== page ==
Italian contracting giant Prysmain aims to sail out a new cable-laying supership into the offshore wind market early in 2025 for first assignments with Dominion Energy off the US and then project and interconnector jobs in Europe, with plans announced today of a sister vessel to the Leonardo Da Vinci flagaship that was launched last year.
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The €240m vessel ($247m), like its fleet-mate built with 170 metre-long hull and outfitted with a technology spread that includes two carousels able to together hold 17,000 tonnes of cable, and a laying-line with a capstan suitable for installation in waters deeper than 3,000 metres, key for long disrance power trunklines and future floating projects.
Prysmian's first contract for the vessel is on the giant 2.6GW Coastal Virgian Offshore Wind project being built in the US Atlantic by state utility Dominion Energy, with booked work head forthe first power cable connecting the UK and German – the Neuconnect Energy Link, as well as on the latter country’s Dolwin4 and Borwin4 offshore wind projects.
“The development of more efficient and sustainable power grids infrastructure is key to enable the energy transition, and submarine cables are an essential component. As global leader we are fully committed to technology innovation and we are happy to partner with Fincantieri and Vard to improve also our installation capabilities” stated Valerio Battista, CEO of Prysmian.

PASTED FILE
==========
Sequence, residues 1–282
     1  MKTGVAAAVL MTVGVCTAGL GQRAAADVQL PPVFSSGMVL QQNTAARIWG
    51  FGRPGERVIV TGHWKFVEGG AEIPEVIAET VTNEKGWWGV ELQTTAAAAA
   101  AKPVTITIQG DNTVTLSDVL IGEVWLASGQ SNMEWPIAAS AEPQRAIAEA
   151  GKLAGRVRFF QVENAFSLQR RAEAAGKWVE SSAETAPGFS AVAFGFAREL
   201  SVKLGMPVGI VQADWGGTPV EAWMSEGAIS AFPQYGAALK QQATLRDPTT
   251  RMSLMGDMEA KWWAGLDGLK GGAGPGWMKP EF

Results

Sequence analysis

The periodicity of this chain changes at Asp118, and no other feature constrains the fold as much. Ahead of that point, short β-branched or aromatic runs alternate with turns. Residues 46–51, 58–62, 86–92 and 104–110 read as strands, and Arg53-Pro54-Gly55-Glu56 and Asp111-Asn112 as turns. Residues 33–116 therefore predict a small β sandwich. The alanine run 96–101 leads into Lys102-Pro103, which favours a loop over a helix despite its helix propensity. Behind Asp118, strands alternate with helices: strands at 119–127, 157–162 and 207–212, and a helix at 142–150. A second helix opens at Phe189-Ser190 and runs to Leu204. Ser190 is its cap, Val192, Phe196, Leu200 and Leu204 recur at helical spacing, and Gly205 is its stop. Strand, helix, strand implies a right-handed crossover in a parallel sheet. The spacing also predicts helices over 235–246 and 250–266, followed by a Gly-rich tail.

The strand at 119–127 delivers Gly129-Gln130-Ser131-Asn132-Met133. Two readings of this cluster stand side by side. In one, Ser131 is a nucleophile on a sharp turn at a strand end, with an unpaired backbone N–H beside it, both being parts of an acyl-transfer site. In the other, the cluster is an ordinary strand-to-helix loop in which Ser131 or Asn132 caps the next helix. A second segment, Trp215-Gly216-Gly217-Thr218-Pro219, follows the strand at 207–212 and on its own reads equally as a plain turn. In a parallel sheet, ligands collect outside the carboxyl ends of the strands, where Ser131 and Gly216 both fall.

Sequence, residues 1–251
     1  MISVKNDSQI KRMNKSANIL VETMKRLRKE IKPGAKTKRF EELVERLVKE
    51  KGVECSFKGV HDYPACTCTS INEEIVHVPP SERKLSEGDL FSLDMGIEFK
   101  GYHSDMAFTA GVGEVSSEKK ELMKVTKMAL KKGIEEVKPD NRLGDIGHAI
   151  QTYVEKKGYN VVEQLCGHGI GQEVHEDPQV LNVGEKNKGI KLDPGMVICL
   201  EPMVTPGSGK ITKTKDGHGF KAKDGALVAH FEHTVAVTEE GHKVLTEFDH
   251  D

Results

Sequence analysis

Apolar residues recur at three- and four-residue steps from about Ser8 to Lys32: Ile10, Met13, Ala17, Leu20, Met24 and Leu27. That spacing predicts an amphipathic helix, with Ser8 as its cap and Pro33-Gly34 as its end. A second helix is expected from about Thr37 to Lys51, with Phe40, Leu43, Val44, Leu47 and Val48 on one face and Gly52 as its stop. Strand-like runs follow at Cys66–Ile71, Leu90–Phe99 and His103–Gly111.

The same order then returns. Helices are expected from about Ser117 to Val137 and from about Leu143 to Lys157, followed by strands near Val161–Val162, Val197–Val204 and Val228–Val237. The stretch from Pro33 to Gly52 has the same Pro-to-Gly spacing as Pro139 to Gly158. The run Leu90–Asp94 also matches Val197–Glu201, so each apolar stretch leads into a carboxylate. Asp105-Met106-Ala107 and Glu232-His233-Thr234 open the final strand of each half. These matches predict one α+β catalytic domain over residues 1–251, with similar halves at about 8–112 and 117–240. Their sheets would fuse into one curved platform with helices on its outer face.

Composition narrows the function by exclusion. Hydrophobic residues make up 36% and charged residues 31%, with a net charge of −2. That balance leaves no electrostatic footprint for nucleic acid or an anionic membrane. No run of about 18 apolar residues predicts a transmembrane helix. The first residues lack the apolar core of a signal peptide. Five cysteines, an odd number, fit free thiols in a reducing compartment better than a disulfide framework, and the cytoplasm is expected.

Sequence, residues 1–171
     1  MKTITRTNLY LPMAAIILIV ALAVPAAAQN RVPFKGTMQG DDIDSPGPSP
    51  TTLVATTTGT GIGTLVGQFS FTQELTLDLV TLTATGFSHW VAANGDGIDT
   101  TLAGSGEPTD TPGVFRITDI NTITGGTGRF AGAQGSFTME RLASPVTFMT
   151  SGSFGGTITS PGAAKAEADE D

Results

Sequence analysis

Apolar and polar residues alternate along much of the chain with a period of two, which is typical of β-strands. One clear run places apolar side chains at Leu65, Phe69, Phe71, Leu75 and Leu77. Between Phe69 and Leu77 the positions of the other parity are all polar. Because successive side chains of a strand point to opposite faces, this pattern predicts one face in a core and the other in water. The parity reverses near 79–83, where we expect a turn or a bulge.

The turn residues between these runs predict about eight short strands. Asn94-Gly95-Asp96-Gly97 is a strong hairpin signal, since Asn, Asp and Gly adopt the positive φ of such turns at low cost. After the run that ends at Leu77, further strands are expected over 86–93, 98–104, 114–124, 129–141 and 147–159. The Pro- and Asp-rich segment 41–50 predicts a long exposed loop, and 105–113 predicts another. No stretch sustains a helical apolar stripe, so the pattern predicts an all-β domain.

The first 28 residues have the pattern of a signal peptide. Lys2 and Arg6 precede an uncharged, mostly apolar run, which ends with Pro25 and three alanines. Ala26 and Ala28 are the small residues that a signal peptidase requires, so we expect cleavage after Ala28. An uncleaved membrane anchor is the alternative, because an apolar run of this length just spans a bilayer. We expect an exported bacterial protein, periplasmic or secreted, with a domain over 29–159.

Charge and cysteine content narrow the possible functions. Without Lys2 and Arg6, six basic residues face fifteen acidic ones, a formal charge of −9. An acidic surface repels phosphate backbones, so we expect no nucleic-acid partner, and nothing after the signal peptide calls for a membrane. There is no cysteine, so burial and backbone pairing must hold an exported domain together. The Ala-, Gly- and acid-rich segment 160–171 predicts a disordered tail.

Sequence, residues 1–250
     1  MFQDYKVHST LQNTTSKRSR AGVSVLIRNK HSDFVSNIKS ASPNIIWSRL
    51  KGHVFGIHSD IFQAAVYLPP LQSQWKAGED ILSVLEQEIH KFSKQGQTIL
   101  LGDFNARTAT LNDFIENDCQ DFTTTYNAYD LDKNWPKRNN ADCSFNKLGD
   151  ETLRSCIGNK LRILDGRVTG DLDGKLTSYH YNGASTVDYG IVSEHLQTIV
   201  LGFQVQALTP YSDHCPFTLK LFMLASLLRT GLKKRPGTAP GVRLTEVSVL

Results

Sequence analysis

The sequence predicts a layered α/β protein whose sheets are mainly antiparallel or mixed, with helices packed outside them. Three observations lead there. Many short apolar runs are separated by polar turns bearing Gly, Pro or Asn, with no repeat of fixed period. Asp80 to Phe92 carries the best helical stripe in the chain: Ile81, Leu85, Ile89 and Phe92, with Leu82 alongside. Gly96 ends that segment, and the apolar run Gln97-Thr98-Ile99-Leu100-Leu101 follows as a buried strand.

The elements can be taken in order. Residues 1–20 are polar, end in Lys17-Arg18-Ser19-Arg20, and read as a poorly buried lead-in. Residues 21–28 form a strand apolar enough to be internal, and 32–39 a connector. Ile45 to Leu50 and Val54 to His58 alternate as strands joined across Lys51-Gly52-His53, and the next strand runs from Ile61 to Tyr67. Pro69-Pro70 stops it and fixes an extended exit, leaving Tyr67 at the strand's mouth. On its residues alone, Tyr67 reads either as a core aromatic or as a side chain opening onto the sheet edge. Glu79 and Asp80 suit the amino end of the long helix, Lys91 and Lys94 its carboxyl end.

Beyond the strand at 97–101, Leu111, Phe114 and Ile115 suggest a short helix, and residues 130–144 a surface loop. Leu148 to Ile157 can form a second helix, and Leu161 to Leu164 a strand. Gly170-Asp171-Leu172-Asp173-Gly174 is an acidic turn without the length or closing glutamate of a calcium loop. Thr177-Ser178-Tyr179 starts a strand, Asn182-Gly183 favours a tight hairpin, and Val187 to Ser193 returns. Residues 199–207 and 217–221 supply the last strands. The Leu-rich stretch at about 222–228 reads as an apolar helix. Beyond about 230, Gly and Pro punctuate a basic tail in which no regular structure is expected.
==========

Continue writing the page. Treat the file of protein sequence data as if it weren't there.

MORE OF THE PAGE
To be designed by Fincantieri-owned Vard Design in Ålesund, Norway, and built at the Vard Tulcea yard in Romania, the vessel will be equipped with state-of-the-art dynamic positioning and seakeeping systems, and feature a maximum transit speed at sea of more than 16 knots.
Pierroberto Folgiero, CEO of Fincantieri, said: “The complexity of such a ship [and] the highly demanding context in which the vessel will operate, both in terms of environment and hi-tech requirements, will enhance the sophisticated latest generation onboard systems.”
Prysmian highlighted that the new vessel’s engines were engineered to cut NOX emissions by 85%, while the high on-deck cable-load and travel speed would reduce the number of trips need to complete an installation campaign compared to smaller vessels, together “enabling an overall decrease in CO2 emissions and a reduction in fuel consumption of 40%”. The vessel will also be kitted out with a 3MW back-up battery.
Hakan Ozmen, EVP for Prysmian’s project business unit, said:“The new vessel will be definitely a game-changer in strengthening our installation capabilities and supporting our leadership position in the interconnection and offshore wind farm markets, while ensuring on-time delivery and execution.”
With the as-yet-unnamed vessel, Prysmian’s cable-laying fleet grows to five: the veteran Giulio Verne, Cable Enterprise, Ulisse, and Barbarossa vessels, and the Leonardo da Vinci, currently the most advanced cable-layer in the water.